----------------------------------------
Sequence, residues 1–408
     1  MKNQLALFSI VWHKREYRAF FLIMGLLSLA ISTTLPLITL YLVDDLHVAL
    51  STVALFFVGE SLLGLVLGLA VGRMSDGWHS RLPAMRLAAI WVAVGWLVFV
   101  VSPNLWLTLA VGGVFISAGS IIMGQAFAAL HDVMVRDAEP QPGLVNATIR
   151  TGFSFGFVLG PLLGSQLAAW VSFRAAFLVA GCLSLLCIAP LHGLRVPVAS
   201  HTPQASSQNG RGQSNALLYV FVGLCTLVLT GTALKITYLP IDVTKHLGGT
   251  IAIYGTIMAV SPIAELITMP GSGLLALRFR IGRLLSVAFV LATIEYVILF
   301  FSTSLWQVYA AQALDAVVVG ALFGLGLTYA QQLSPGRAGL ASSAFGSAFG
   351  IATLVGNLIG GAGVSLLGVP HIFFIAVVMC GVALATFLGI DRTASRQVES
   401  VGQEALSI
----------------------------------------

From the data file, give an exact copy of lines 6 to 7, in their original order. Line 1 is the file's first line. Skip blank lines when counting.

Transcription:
   201  HTPQASSQNG RGQSNALLYV FVGLCTLVLT GTALKITYLP IDVTKHLGGT
   251  IAIYGTIMAV SPIAELITMP GSGLLALRFR IGRLLSVAFV LATIEYVILF